The primary villains of the Civil War for Westerners were the secessionists. Westerners had been content to allow slavery to continue where it existed, though significant portions of them opposed its spread.7 Very few Westerners, however, would have supported emancipation on the eve of the Civil War. This live and let live attitude was overturned by secession. It became apparent that Southern leaders had been acting in bad faith all along, and that their professions of patriotism had been empty promises. Southerners had sought the Union only out of self-interest, and when they thought their interests had been threatened they sought to destroy the whole project. And Westerners identified the Southern slaveholding elite as the source of the Civil War. This sentiment drew upon antebellum ideas of the Slave Power conspiracy.
Western troops railed against this slaveholding oligarchy in their letters. One soldier remarked that “the rulers and leaders, who are the few intelligent and educated” kept the rest of the South in ignorance, because “a man who thinks for himself cannot generally be…led like a bear by the nose.” He wished that the “eyes of the masses” could be “opened to the fact that their leaders and masters are not really gods, and that industry and intelligence and not wealth alone are the nerves and sinews of a nation.” He also hoped that “slave aristocracy will give way to northern thrift, education, and enterprise.”8 These sentiments showed some of the ways in which northerners, and westerners, conceived of the war. Industry and intelligence stood as the measure of a man, not wealth alone. Note also the preeminence placed upon thrift and enterprise.
Western conceptions of masculinity came into sharp relief when westerners discussed the performance of eastern armies. Western troops, accustomed to success against fumblingly incompetent Confederates such as Braxton Bragg, Gideon Pillow, and Leonidas Polk attributed the failures of the Army of the Potomac to defeat Robert E. Lee and the Army of Northern Virginia to deficiencies in Easterners. One Illinois private wrote after that Lee's invasion of Maryland in 1862 cause "general indignation" and the men "impute it all to a lack of soldierly courage in officers and men."9 One Illinois captain thought that the Army of the Potomac didn't do much beyond "ditch-digging," while another wrote his wife that the "general feeling is that the Potomac Army is only good to draw greenbacks and occupy winter quarters."10 Francis T. Sherman fumed that "the Grand Army of the Potomac, the pet of the Union…boasts of what it is going to do" instead of actually doing anything.11 Westerners tended to think that "the Army of the Potomac was a 'paper-collar,' 'soft-bread,' feather-bed,' 'review and dress-parade' army and that it would not fight."12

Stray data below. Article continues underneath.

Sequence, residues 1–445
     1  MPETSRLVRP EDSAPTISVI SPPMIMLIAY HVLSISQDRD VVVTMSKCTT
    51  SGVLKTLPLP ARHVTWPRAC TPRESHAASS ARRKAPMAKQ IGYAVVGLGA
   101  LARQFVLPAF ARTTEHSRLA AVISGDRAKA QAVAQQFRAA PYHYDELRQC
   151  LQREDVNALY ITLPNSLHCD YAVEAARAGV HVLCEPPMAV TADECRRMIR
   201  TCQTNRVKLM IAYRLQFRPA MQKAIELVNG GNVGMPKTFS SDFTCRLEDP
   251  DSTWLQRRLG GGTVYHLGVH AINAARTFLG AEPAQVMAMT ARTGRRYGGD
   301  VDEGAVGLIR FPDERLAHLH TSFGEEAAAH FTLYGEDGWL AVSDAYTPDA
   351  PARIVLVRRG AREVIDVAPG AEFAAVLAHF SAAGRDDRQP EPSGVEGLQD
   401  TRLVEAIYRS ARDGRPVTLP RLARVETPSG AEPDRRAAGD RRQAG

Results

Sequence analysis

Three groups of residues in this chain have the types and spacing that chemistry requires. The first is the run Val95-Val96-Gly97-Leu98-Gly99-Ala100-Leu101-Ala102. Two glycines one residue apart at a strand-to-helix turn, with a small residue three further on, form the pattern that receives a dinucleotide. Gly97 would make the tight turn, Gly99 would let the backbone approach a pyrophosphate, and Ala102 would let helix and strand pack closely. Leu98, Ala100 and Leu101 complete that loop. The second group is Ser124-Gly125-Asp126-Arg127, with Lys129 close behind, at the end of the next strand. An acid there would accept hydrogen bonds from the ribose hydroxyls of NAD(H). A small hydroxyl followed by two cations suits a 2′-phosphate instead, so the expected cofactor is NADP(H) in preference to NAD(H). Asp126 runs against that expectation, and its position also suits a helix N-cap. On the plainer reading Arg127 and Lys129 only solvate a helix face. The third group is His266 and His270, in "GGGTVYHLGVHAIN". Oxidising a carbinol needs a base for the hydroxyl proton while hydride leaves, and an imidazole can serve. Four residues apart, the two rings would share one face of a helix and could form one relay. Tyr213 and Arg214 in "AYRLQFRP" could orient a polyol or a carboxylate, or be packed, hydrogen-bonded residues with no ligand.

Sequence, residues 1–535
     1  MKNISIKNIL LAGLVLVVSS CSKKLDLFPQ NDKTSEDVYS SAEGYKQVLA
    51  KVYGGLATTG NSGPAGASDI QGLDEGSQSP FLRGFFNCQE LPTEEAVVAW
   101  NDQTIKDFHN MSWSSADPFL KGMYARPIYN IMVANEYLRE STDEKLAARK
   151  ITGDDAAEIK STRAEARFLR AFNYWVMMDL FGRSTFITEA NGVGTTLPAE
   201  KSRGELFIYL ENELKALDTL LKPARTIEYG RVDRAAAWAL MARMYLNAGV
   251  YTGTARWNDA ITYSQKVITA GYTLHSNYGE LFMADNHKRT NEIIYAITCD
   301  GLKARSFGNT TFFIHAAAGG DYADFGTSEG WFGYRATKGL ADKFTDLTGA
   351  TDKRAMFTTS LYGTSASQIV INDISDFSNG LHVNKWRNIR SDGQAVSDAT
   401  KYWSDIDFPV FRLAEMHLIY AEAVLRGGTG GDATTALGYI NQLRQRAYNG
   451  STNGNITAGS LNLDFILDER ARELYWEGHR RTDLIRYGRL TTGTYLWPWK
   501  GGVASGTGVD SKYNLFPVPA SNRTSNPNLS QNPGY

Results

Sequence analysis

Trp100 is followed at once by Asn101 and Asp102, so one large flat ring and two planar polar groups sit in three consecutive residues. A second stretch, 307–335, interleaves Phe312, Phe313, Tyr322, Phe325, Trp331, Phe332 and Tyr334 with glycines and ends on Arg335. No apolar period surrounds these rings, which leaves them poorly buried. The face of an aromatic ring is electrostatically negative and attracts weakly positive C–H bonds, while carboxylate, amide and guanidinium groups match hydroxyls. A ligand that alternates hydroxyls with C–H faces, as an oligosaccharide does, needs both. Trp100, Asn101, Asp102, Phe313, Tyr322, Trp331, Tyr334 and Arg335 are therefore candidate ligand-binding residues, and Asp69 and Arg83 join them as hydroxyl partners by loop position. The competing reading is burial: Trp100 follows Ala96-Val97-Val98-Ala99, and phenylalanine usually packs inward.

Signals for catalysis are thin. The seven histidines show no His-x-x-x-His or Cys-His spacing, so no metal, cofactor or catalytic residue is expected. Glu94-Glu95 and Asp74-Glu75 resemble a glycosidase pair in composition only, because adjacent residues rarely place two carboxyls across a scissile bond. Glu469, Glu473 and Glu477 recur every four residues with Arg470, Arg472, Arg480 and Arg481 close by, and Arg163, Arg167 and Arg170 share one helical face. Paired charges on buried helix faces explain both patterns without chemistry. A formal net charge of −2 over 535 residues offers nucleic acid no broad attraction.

These general gripes sharpened into critiques of Eastern "style." Such language indicated that Easterners spent too much time on how they looked and acting the part of soldiers. Implicitly, Westernerss thought themselves actual soldiers. Thomas Davis, of the 18th Wisconsin Infantry Regiment, wrote home about how "the boys say we are now soldiering in Potomac-style;" that meant instead of fighting, the troops would "soon draw paper collars, red neck ties, straw, and postage stamps and boot-blacking and having to do and get furloughs every six weeks."13 In essence, Western troops saw themselves as embodying the true spirit of the country; they devoted themselves to fighting while Easterners spent their time and effort merely on looking good.